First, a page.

Thursday, 26 September 2019
DANCE REVIEW: Wasteland - Northern Stage - Newcastle-Upon-Tyne
Wasteland is the sequel to Clarke’s most recent production Coal. Coal portrayed the struggle of mining communities during one of the UK’s most infamous political battles in recent history, the miners’ strike of 1984/5. Both pieces come from a personal place as Clarke grew up in the mining village of Grimethorpe and personally witnessed the downfall of the Grimethorpe Colliery in 1994. He saw first-hand the reality of life as a pitman and how that crumbled following the upheaval. It was in fact Gary’s older brother David who inspired the creation of the sequel. During one of the post-show discussions whilst on tour with Coal, a man asked Gary “What about us Gary? What about the next generation?” It was David. He had been a raver in his teenage years and thus the premise was born. Wasteland continues to follow lead dancer Alistair Goldsmith’s character from Coal and explores how his generation gave exhaustedly into submission whilst that of his son rebelled.
Wasteland is in every way the perfect balance. It seamlessly blends rave movement with contemporary dance in such a way that it does not simply feel like one is paying to see what you could see in any nightclub but simultaneously remains true to the original movement language. The dancers' training and expertise is apparent, yet it is also apparent that their characters are normal people who are raving rather than dancers who are raving. This is best displayed in the fight scene which merges all the control and grace of the dancers' movements with the fury of their characters. They remain perfectly synchronised; their movements are immaculately precise and thrum with intense energy. It is a true feat of endurance. This is, in part, how they so successfully create the illusion that it is 5000 people dancing in a derelict warehouse when in reality there are only 5 people on stage. Credit must also be given to the creative team (Lighting & video design: Charles Webber and Set & Costume design: Ryan Dawson Laight), who so effectively cut the stage to make this atmosphere possible.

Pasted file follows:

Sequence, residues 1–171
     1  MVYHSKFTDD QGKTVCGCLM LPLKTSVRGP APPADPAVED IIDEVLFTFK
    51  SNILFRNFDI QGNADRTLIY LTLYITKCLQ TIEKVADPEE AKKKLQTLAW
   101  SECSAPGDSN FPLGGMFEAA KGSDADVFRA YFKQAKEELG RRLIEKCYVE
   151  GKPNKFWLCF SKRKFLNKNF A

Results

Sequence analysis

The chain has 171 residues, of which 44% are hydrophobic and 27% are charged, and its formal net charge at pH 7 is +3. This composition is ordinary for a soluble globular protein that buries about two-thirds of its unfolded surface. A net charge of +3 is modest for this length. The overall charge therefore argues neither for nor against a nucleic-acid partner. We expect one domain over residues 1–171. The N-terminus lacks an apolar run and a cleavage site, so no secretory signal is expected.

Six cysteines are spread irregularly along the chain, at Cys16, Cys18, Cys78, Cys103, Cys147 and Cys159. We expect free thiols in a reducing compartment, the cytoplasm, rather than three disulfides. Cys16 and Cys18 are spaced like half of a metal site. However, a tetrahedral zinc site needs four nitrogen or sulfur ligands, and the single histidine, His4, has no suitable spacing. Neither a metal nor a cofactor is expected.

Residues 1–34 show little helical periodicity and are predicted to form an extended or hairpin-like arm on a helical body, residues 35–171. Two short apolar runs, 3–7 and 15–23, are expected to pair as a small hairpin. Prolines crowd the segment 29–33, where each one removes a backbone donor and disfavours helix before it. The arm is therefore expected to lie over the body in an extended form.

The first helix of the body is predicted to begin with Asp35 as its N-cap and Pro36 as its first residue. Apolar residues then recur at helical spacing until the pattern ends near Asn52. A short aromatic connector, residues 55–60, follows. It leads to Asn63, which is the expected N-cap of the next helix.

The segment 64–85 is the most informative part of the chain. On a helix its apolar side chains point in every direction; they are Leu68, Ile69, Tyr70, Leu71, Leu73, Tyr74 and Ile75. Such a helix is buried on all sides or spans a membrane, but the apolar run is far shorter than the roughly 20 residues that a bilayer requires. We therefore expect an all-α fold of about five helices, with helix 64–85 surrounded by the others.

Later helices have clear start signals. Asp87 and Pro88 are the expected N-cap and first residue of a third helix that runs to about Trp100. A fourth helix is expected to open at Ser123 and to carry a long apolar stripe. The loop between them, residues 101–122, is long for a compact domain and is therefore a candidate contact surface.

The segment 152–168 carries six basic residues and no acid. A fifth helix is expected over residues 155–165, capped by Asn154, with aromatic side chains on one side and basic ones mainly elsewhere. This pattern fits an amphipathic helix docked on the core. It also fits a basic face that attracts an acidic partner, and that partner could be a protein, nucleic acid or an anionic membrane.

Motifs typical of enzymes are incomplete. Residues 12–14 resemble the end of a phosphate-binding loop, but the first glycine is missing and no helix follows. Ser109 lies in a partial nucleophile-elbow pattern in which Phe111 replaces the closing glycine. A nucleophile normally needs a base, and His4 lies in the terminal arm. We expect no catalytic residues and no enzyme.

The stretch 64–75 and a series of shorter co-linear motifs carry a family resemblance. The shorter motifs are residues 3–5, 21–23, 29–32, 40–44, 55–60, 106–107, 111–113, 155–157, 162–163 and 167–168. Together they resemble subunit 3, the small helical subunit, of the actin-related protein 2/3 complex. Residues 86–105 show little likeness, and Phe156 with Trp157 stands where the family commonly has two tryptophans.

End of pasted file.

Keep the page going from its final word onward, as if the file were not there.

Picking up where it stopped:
At the heart of the production, Wasteland is a community show. It is about the destruction of one community and how the youth attempted to combat this by creating their own, but it is made unique to each venue’s community by the involvement of local musicians. It is a full circle in multiple senses: the Thatcher government shut down the mining community and so the rave community was born and it subsequently shut that down also, but now Clarke is returning the Rave movement to the people and places that created it. It allows each audience to in some way feel that the show is theirs, whether they have connections to the former mining community or not; a slice of home on stage.
A truly exhilarating viewing, Wasteland tells a raw human narrative through an intense but still somehow real form of movement. Clarke revealed that the third instalment of the trilogy will be completed in a few years and will explore Section 28 and the government's handling of the gay community in the 1980s. Expect big things, if it is anything like Wasteland then it is sure to be a must-see show.
Reviewer - Rhiannon Walls
on - 25/9/19